Genre: Sci-Fi Horror Running Time: 2 hrs. 2 min.
Release Date: May 19th, 2017 MPAA Rating: R
Director: Ridley Scott Actors: Michael Fassbender, Katherine Waterston, Billy Crudup, Danny McBride, Demian Bichir, Carmen Ejogo, Callie Hernandez, Jussie Smollett, Amy Seimetz, Tess Haubrich
pon delving a little deeper into the structure and nuances of Ridley Scott’s “Alien,” it becomes clear that it’s much more than just a haunted house movie in space (an outward simplicity greatly contributing to the fun). Add in some engaging characters, a few unexpected twists, and an overly complex alien being, and the recipe for a horror classic is born. But now with “Alien: Covenant,” both a prequel to “Alien” and a sequel to 2012’s “Prometheus,” director Scott dissects his perfect killing machine with such microscopic precision that flaws become noticeable in nearly every aspect of its origins. Even disregarding an overabundant cast of characters who all receive too little screen time, and a highly unsatisfactory triumph of evil (is the alien now a Freddy Krueger of sorts, a villain the audience is supposed to root for over the protagonists?), the overwrought examination of the titular monster’s evolution erases much of the terror, most of the mystery, and all of the logic behind the once nightmare-inducing concoction.
The year is 2104 and colonization vessel USS Covenant heads towards its destination of Origae-6, where its more than 2,000 passengers will begin a new human settlement. When an unexpected solar flare impacts the spacecraft, the fourteen-person operating crew is awoken by onboard synthetic Walter (Michael Fassbender). After sustaining moderate damage and casualties, the Covenant is finally stabilized, ceding command to novice captain Oram (Billy Crudup). During repairs to outer foils, a rogue transmission indicating a human presence is overheard, leading Oram to reroute the ship to the signal’s source – a previously overlooked planet more suitable to colonization than the Covenant’s original destination. But when the ship arrives and a landing party, including Oram, Walter, Daniels (Katherine Waterston), Karine (Carmen Ejogo), Lope (Demian Bichir), and Rosenthal (Tess Haubrich), is sent down, they make a discovery far more horrifying than any of them could have possibly imagined.
A lot of the charm of “Alien” stemmed from its simplicity. A monster of particularly ruthless, violent predilections attempted to hunt down and destroy a small crew of blue-collar workers. Here, however, as with “Prometheus,” director Ridley Scott has decided to investigate much heavier science-fiction themes, including plenty of philosophical quandaries about the originations of mankind itself. Creation, evolution, zoology, ancient civilizations, human ingenuity, art, faith, mortality, the irony of man making machines that are more intelligent than they are, and even architectural wonders all seem to be on his mind, leaving little room for dependable, old-fashioned creature-feature thrills. “Alien: Covenant” is more about the wonders of manipulating biological life forms – or even the fun of archaeology – than it is about horror. When the curtain is drawn back on the inception of the xenomorphs, they become far less potent. Some things are better left as creepy unknowns.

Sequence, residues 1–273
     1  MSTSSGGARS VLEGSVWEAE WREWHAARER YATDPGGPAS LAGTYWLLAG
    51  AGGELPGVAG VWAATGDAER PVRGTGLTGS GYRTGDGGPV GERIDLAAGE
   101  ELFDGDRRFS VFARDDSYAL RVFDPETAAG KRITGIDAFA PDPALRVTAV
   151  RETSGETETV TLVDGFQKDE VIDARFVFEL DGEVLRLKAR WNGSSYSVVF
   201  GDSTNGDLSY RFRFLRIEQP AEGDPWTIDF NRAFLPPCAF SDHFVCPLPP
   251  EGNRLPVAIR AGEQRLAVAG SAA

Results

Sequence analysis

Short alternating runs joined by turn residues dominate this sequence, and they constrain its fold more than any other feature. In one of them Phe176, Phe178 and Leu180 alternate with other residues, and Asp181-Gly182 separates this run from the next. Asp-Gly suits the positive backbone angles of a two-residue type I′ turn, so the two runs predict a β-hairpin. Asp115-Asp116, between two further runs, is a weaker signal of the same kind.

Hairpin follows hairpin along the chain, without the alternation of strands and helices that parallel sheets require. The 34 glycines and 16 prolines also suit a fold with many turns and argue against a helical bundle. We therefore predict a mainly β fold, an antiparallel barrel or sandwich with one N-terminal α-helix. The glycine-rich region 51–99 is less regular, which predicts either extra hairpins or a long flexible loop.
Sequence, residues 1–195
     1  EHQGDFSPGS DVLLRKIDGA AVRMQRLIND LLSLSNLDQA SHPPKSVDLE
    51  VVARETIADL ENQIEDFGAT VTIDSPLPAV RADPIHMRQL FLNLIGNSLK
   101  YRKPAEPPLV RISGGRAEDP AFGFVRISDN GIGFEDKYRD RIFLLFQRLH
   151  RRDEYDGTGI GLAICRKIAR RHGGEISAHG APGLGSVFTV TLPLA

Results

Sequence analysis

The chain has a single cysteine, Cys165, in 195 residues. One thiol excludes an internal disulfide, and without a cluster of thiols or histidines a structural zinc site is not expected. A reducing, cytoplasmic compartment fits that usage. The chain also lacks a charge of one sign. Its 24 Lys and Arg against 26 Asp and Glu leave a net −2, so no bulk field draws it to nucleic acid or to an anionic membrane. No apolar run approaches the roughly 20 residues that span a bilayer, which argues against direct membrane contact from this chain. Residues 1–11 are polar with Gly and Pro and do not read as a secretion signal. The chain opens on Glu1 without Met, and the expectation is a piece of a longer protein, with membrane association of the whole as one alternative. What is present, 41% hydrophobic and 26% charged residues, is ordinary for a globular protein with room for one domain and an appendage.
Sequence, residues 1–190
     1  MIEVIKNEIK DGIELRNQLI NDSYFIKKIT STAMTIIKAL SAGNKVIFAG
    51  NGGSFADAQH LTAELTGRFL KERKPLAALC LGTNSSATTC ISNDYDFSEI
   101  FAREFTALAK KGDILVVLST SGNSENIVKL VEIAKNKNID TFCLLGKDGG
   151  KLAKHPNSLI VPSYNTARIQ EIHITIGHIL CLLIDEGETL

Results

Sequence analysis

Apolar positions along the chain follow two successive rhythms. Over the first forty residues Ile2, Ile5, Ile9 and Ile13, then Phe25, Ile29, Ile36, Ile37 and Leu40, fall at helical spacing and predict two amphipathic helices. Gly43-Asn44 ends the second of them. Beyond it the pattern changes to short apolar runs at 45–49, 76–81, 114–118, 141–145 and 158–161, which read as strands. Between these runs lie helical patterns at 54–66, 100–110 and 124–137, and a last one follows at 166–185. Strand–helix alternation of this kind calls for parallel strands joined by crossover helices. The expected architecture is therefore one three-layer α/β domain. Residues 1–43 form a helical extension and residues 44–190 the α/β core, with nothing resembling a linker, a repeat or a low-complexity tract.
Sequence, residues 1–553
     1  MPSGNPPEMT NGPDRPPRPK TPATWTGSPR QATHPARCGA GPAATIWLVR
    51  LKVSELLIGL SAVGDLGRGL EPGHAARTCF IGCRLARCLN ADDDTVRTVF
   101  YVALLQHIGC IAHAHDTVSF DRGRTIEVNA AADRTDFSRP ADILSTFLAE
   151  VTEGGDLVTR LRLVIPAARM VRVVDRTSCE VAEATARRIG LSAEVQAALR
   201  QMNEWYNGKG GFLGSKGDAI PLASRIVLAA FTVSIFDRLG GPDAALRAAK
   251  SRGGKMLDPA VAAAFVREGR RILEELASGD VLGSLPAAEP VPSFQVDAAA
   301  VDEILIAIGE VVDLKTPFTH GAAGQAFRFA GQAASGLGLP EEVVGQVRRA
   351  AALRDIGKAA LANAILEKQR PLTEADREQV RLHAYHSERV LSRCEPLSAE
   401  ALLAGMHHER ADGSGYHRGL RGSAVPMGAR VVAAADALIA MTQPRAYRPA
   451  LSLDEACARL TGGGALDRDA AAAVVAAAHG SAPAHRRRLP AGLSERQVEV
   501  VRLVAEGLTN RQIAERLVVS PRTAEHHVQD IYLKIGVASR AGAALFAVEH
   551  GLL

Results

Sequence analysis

And so, this latest entry into the “Alien” franchise feels more like a remake of “Prometheus” than anything in line with the original ’79 classic or the ’86 follow-up. There’s still a blend of visual designs from both Scott’s initial vision as well as James Cameron’s additives, but the less impressive imagery from “Prometheus” is by far the most prominent. Paired with the unnecessarily heady themes, it’s all more like “2001: A Space Odyssey” (in its intentions, not its execution) than it is a welcome return to form. If anything, Scott is straying further away from what gave this series such a strong start.
A wealth of familiar ideas also turn up, though they tend to lean toward theft instead of homage (with some moments even looking as if purloined from this year’s “Life”). Once again, there’s an unfriendly, unaccommodating metal layout to the colony craft; an android remains shifty and untrustworthy; small talk is traded, though it’s never as natural as before; the horseshoe-shaped derelict ship returns; the evil company is still pulling strings behind the scenes; quarantine protocols are disobeyed; an airlock becomes a significant stage for a climax; and everything sort of builds just for the third act, which is unfortunately riddled with predictable, hackneyed twists and turns. Panic is overused and ineffective (or utterly annoying), the cast is too large to get a sense of any individuality (McBride donning a cowboy hat doesn’t make him unique or memorable, though he’s an amusing casting choice), and the advanced technology in the film contradicts its setting as a prequel. In the end, the more Scott continues to revisit one of his most beloved projects, the more he makes “Alien” seem either like a happy accident or merely an entity he had the good fortune to collaborate on. Perhaps H.R. Giger, Dan O’Bannon, and Ronald Shusett were the real geniuses behind that picture.
– The Massie Twins
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